© 2004 by the Ecological Society of America
Published in Ecology, Vol. 14, No. 4 (August 2004) at doi: 10.1890/03-5032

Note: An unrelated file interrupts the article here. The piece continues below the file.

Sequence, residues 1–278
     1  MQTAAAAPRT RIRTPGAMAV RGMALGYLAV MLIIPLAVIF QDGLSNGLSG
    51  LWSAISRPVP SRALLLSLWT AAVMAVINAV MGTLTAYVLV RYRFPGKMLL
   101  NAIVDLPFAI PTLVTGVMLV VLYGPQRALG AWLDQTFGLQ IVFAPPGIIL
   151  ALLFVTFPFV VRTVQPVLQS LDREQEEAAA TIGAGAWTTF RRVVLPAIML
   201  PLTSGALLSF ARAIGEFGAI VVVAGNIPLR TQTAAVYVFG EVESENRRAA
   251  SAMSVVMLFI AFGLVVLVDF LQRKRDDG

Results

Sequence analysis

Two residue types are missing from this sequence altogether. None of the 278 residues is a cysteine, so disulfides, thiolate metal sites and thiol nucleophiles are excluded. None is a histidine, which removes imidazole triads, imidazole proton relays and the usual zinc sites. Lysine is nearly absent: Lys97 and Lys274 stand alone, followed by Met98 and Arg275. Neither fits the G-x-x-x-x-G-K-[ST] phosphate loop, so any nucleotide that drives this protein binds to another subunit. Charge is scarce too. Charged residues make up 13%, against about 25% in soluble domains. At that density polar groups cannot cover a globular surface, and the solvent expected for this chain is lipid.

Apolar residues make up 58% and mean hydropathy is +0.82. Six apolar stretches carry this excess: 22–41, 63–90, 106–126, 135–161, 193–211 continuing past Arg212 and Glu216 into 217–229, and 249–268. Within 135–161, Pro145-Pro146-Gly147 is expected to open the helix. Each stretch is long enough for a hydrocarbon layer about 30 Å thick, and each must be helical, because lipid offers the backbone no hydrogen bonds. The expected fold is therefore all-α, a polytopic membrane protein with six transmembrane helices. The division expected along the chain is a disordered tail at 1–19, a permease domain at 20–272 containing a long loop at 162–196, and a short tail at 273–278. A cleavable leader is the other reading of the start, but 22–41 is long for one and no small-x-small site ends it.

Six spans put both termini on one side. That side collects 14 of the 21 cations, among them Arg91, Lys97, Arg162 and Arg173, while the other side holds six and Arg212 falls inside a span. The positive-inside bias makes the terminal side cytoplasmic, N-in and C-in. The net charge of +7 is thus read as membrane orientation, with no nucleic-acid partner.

Invasions of exotic invertebrates have greatly altered many aquatic communities, but impacts on the foraging energetics of predators seldom have been assessed. In San Francisco Bay, California (USA), a major community change occurred with introduction of the Asian clam (Potamocorbula amurensis) in 1986. This species now greatly outnumbers the previous clam prey of a variety of sharks, rays, sturgeon, flatfish, and crabs, as well as several diving duck species for which the bay is the most important wintering area on the U.S. Pacific Coast. P. amurensis also accumulates much higher levels of some contaminants than the formerly dominant prey. Because alteration of the food base or contaminated foods on wintering areas may be factors in the population decline of scaup ducks, effects of this exotic invasion are important to assess. For Lesser Scaup (Aythya affinis), we studied effects of differences in nutrient content, digestibility, crushing resistance of shells, areal density, size, and depth in the sediments on the relative foraging value of exotic P. amurensis vs. the formerly dominant native clam Macoma balthica. P. amurensis, including shells, had higher nitrogen and energy content per clam of the same length class, and higher digestibility of energy, than M. balthica. Gut retention time did not differ between clam species, so their relative profitability for scaup was determined mainly by the intake rate of digestible nutrients during short, costly dives. For scaup foraging in an aquarium 1.8 m deep, intake rates (number of prey per second) of food items buried in sand-filled trays increased with increasing prey density up to at least 4000 prey/m2. For items buried 3 cm deep, intake rates did not differ for prey <6 mm long vs. prey>6–12 mm long; however, intake rates were much lower when prey were deeper in the sediments (6 cm vs. 3 cm). In the field, a much higher percentage of P. amurensis were in the length range most commonly eaten by Lesser Scaup (<12 >mm), and unlike M. balthica, almost all P. amurensis were in the top 5 cm of sediments where scaup intake rates are highest. In tensometer measurements, shells of P. amurensis were much harder to crush than shells of M. balthica, which might partly offset the apparent energetic advantages of P. amurensis. In many respects, the exotic P. amurensis appears to be a more valuable food than the native M. balthica for Lesser Scaup. However, because P. amurensis accumulates much higher levels of some contaminants, this exotic invasion increases the risk of toxicity to scaup and a range of other benthic predators.